Card shown by the referee to signal that a player (or coach) is ejected from the game for inappropriate conduct. The player or coach must leave the pool deck.
Waved by scoring and timekeeping officials when players receive their third major foul. Players with three exclusion fouls are ejected for the rest of the game.
Official in charge of ensuring fair play throughout a game. There are two referees, one on each side of the pool, whose responsibilities change with possession and direction of play. The referees' decisions on fouls, scores, possession and other rule infractions are final.
To get free of a defender; when an offensive player creates space between him/herself and a defender in order to receive a pass.
A successful shot block by a goal keeper.
setting the ball
To pass the ball into the center forward.
Pool depth of less than 2 meters, or 6 feet.
See possession clock.
To push another player underwater. Sinking is a major foul if the sunken player is without the ball and has offensive advantage.
An outside water shot executed by throwing the ball at an angle into the water, with sufficient force to make it bounce into the goal. Also called a bounce shot.
A defensive tactic in which a defender intentionally commits an ordinary foul to force an attacker to take a free throw. The defender then leaves the attacker he/she was guarding in order to take up a position against another (usually more dangerous) offensive player, who is likely now double-teamed.
A major foul called when a player intentionally splashes water in an opposing player's face.
An inside water shot executed by pressing the ball down into the water just enough to make it spring up (but not enough to draw a ball under foul). Following release, the player will lightly tap the ball into the goal.
Determines possession of the ball a the start of each period of play. Players from each team line up at their respective goal lines. The referee stands at the half-distance line, blows the whistle to signal the start of the sprint, and drops the ball into the water. When the whistle sounds, players swim for the ball.
An ordinary foul called when a team does not shoot or advance the ball within 30 seconds. Possession then goes to the opposing team.
An ordinary foul called when a player is standing on the bottom of the pool and actively taking part in the game. Goalies are excepted from this rule.
When an offensive player swims his/her defender into an unseen offensive player. If the defender swims over the stationary pick, referees usually will not call a foul (see advantage rule).
When one player enters the game, in place of a teammate. Substitutions can be made between periods, during time-outs or following a goal. Substitutions are also made for players who are ejected from the game due to a red card, two yellow cards, or three personal fouls.
An overtime rule for high school and college games that ends the game as soon as a goal is scored. (In non-sudden-death overtime periods, play continues until the clock runs out, giving the team that did not score another chance to tie, or even win, the game.)
When defensive players swap responsibilities. Typically happens when one defender is "beaten" by the offensive player they had been guarding. Also happens when offensive and defensive players are mismatched, either size- or speed-wise.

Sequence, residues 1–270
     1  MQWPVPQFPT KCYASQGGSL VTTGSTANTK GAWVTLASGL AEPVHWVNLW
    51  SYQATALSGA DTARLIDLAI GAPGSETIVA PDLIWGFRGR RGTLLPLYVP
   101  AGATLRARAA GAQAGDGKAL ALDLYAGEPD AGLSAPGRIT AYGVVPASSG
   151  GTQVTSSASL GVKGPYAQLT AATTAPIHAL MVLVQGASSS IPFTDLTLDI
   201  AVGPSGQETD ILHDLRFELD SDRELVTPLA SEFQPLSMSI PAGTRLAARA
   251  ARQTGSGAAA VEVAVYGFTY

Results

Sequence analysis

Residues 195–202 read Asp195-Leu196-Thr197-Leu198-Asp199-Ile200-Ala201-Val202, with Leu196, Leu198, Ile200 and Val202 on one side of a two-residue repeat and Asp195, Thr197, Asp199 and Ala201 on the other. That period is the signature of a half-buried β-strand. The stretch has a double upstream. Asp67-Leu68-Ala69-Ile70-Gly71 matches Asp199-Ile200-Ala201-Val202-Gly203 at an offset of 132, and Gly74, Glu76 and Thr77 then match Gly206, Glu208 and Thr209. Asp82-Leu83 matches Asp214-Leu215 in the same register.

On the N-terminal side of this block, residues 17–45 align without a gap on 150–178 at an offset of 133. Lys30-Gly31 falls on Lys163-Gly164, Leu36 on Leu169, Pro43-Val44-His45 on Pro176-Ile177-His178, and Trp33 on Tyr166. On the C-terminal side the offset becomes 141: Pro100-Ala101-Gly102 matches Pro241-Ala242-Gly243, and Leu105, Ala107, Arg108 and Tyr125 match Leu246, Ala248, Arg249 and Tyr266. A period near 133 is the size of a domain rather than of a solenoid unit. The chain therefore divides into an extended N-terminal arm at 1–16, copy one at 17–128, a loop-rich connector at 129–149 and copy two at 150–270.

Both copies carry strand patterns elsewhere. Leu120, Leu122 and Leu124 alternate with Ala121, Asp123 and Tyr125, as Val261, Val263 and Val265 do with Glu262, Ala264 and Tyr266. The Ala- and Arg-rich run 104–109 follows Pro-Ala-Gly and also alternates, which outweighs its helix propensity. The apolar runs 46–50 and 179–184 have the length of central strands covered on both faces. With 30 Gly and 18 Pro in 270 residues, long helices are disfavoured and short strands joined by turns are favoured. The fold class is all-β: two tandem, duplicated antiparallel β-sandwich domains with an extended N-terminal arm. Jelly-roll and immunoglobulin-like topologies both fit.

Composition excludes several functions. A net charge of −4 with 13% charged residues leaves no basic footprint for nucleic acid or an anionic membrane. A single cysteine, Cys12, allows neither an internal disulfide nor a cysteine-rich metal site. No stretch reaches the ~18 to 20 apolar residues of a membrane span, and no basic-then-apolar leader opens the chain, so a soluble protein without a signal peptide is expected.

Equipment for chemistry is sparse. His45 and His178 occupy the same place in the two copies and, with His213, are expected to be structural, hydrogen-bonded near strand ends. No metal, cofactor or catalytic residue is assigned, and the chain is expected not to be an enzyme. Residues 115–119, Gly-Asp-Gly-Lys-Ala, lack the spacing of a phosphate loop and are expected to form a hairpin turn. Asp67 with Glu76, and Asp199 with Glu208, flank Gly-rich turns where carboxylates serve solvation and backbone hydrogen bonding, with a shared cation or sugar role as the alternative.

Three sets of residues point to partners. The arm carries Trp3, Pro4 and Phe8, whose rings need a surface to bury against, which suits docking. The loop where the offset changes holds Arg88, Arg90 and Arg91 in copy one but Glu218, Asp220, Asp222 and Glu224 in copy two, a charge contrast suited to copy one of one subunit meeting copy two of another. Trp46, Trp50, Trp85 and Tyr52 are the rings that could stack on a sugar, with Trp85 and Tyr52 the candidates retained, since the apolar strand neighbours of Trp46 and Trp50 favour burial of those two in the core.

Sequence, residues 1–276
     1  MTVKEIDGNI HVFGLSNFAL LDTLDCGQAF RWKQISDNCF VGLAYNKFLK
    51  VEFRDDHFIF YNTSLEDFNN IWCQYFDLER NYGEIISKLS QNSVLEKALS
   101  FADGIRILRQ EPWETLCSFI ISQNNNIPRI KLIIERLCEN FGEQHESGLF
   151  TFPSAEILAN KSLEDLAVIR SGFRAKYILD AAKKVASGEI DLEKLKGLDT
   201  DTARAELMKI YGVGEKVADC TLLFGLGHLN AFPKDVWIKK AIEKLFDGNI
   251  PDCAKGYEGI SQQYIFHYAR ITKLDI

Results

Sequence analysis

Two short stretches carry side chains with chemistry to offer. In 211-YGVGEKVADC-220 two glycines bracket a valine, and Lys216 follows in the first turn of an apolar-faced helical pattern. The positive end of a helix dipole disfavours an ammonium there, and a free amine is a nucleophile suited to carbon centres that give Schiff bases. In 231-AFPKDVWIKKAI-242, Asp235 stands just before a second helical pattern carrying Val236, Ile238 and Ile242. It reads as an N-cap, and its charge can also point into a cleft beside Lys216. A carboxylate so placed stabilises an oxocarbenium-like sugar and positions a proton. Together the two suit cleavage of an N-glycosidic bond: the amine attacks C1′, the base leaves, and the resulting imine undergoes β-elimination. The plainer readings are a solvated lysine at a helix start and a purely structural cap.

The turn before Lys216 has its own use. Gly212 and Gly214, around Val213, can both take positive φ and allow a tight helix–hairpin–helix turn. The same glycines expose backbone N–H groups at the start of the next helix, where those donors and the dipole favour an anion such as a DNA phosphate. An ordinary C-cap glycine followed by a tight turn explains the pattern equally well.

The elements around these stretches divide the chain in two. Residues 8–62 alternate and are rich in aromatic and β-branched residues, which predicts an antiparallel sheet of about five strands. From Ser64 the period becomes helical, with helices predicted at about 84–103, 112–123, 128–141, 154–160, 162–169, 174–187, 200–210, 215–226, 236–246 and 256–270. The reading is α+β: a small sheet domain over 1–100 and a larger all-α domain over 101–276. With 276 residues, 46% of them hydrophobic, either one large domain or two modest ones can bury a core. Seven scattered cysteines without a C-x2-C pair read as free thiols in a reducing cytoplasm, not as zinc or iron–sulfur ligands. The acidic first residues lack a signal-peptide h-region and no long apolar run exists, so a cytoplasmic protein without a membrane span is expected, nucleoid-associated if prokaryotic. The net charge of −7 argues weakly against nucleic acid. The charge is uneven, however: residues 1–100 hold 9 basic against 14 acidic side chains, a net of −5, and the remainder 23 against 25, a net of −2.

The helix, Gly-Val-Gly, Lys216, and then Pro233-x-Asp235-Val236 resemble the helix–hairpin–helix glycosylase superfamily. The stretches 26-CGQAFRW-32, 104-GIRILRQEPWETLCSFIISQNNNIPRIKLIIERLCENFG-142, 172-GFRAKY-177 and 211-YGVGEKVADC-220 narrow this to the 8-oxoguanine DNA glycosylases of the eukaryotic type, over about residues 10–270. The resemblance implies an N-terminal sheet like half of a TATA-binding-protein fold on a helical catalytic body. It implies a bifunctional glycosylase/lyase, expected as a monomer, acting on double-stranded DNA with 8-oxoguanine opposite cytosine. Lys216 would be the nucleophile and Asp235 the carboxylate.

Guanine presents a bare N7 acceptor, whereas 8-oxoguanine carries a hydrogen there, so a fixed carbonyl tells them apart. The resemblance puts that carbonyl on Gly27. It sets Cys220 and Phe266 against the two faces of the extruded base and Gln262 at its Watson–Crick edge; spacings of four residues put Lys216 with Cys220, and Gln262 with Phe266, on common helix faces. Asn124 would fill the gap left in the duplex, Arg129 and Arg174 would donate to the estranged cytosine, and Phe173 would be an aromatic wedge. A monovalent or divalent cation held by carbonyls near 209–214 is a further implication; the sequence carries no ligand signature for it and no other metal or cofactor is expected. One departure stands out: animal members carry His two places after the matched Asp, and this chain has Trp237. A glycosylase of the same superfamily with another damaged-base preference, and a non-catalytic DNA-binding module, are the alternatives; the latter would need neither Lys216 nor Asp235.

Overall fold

T shot -
A shot executed by using the non-dominant hand to pick up the ball and load it to the opposite hand, which shoots the ball.
Holding, sinking, grabbing or pulling on a player who has possession of the ball. This is not a foul unless it is done in a way that might cause injury.
A stop in play. In order to call a time-out a team must have possession of the ball, except following a goal, when either team can call a time-out. International rules allow for time-outs only if there is an injury or other unexpected problem. In regulation time, teams are allowed to call as many as two 60-second timeouts. In overtime, teams are allowed only one timeout, no matter how many periods overtime lasts.
Typically, a shot that bounces out of bounds after being touched by the goalie or another defensive player.
turn a defender
An offensive tactic used to gain inside water against a defender. The offensive player uses his/her strength to literally turn the defender 180 degrees, at which point the defensive player is usually forced to commit a foul.
To lose possession of the ball, through sloppy passing, fouling, or a shot clock violation.
When a player is within two meters of the opponent's goal line. This is an ordinary foul. The only time a player can remain in this position is if they are behind the line of the ball.
USA Water Polo -
The national governing body for water polo in the United States.
Abbreviation for USA Water Polo.
A player who can play both offensive and defensive positions.
walk the ball in -
When an offensive player grips the ball and moves toward the goal either with an eggbeater kick or swimming strokes.
The side of the pool opposite of where the ball is.
A pass thrown so that it lands in the water, away from a defensive player. Sometimes this pass is thrown to a spot where the attacking offensive player is moving.
A shot on the goal taken while the ball is controlled on the water; typically a quick wrist shot. Also called an off-the-water shot.
Offensive player who generally plays between the two and four meter lines and outside either/both goal posts.
To move toward the side of the pool, in an attempt to get open to receive a pass.
yellow card -
Card shown by the referee to warn a player (or coach) that their conduct is inappropriate. Two yellow cards are the equivalent of a red card.
A defensive strategy in which defenders are charged with an area, rather than one offensive player. Defenders will guard any offensive player who moves into their area.